Jacob Blake has released his first public statement after being shot in the back by a police officer in Kenosha, Wisconsin, leaving him paralyzed from the waist down.
Blake, 29, spoke out from his hospital bed in a video message released on Saturday by his attorney Ben Crump.
'I just want to say, man – a lot of young cats out there and even the older ones, older than me, it's a lot more life to live out here man,' Blake said in the video.
'Your life, and not only just your life, your legs, something you need to move around and forward in life, can be taken from you like this, man,' he said, snapping his fingers.
'And I promise you the type of s**t you go through, staples, I got staples in my back, staples in my damn stomach, you do not want to deal with this s**t, man. Twenty-four hours, every twenty-four hours it's pain, nothing but pain,' Blake continued.
He added: 'It hurts to breathe, it hurts to sleep, it hurts to move from side-to-side, it hurts to eat. Please, I'm telling you, change your lives. Stick together, make some money, make everything easier for our people out there, man, because there's so much time that's been wasted.'
It is his first statement to the public since he was shot on August 23 by police responding to a domestic complaint 911 call, as he opened the door to a vehicle and leaned inside.
However, Blake also appeared in court via a Zoom call on Friday where he pleaded not guilty to charges of criminal trespass, sexual assault, and disorderly conduct.
The shooting of Blake has kicked off weeks of tense, and sometimes violent, protests in Kenosha, and renewed protests over racial injustice and police conduct nationwide.
Police responded to a 911 from a former girlfriend of Blake, who said that he was not permitted on her premises, and had taken her car keys and refused to give them back.
Responding officers were notified that Blake had an active arrest warrant, based on charges of third-degree sexual assault filed by the former girlfriend.
Police had deployed tasers on Blake, which seemingly had no effect, and were seen on bystader video physically grappling with him.
Then, Kenosha police officer officer Rusten Sheskey fired seven times, striking Blake four times, as Blake opened the door to an SUV and reached inside.
Prosecutors say that a knife was recovered on the driver-side front floorboard of the car, where Blake was leaning, sparking debate over whether he was holding or reaching for the knife.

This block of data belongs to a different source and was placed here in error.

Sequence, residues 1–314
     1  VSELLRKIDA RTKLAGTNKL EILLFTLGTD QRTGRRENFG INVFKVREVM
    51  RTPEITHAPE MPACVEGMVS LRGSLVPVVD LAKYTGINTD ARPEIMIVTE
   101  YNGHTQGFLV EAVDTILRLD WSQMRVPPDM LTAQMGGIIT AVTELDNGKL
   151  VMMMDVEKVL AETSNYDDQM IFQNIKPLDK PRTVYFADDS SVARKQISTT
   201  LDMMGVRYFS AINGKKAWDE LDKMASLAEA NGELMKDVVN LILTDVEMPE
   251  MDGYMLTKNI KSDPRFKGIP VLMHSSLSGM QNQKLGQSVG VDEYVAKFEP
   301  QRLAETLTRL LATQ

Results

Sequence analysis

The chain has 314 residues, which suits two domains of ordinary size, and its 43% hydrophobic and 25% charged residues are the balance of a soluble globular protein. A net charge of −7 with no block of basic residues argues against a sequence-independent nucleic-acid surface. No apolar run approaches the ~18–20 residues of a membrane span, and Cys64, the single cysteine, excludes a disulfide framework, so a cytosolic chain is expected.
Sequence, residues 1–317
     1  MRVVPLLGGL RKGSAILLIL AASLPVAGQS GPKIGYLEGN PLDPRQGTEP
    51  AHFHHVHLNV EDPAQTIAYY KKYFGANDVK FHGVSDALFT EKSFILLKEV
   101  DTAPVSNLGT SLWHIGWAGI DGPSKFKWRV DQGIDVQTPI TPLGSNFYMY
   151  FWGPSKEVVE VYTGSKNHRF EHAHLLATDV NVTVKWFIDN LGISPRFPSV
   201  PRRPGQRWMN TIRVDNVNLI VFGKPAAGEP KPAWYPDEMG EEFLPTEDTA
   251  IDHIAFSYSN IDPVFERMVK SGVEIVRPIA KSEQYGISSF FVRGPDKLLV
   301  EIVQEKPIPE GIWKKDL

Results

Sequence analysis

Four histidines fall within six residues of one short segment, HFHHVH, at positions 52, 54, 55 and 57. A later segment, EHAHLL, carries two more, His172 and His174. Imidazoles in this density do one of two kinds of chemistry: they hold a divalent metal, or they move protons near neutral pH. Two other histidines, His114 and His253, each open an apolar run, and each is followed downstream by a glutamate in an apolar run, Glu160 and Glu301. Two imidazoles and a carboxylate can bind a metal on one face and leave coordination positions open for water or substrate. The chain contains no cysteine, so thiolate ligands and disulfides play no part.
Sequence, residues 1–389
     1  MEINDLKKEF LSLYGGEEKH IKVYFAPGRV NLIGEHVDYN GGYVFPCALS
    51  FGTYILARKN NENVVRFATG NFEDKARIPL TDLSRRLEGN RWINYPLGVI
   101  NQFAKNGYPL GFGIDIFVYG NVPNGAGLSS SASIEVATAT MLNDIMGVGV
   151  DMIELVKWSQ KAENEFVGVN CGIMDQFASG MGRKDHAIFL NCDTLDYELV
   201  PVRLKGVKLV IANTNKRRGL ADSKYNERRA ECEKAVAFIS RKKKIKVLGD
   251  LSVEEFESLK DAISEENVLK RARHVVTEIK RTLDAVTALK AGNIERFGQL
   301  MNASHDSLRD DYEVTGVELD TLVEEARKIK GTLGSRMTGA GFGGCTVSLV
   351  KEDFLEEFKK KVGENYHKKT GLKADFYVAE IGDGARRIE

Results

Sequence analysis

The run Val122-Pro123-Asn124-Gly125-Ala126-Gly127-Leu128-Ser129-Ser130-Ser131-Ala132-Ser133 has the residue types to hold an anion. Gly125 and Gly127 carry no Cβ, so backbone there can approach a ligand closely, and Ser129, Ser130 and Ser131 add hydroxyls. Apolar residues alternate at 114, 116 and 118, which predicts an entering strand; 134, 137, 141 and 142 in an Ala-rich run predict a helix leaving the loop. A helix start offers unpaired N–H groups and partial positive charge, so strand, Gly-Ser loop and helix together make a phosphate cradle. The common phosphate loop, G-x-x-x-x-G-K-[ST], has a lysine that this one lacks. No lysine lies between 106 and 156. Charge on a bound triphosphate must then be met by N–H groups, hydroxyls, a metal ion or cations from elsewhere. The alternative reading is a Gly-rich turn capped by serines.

US Attorney General Bill Barr said this week that Blake was was committing a felony and armed at the time he was shot.
Lawyers for the Blake family Ben Crump, Patrick Salvi, and B'Ivory Lamarr released a statement disputing Barr's account.
'Attorney General Barr is misinformed. The police officers were the aggressors from start to finish, based on video and witness accounts,' they said.
'There was never any point in time when there was justification for deadly force. In fact, there were innocent bystanders in the line of fire when he shot seven times into Jacob's back,' they continued.
'At all material times, Jacob's back was to the officers and he never posed an imminent threat. This was never a life or death situation for the officers.'
Dramatic video of the shooting shows Sheskey and another officer following Blake with guns drawn when the shooting occurs. In the video, a knife cannot be seen in Blake's hand, which disappears from view as he reaches into the vehicle.
Neither Sheskey nor the other officers present at the scene have been charged or fired from the department, but the incident is under investigation.
Kenosha police referred the investigation of the shooting to the Wisconsin Division of Criminal Investigation.
Those findings will go to district attorney Michael D. Graveley, the local official who will responsible for deciding whether to bring charges against any of the officers.
Graveley said on August 25 that the investigation was in 'its earliest stages.'
The renewed protests sparked by Blake's shooting come in the closing phase of the presidential election, and the incident emerged a a flashpoint in the race.
This week, both President Donald Trump, a Republican, and his Democratic challenger, Joe Biden, a former senator and vice president, visited Kenosha.
Biden met with Blake's family and spoke with Blake on the telephone and has expressed sympathy with people protesting police violence and their rallying cry that 'Black Lives Matter.'
Trump toured damaged businesses, decried what he calls 'lawless' protesters and defended police departments as upholders of 'law and order,' while declining to condemn right-wing armed vigilantes who have been accused of attacking and even killing protesters in Kenosha.
This article has been adapted from its original source.
© Associated Newspapers Ltd.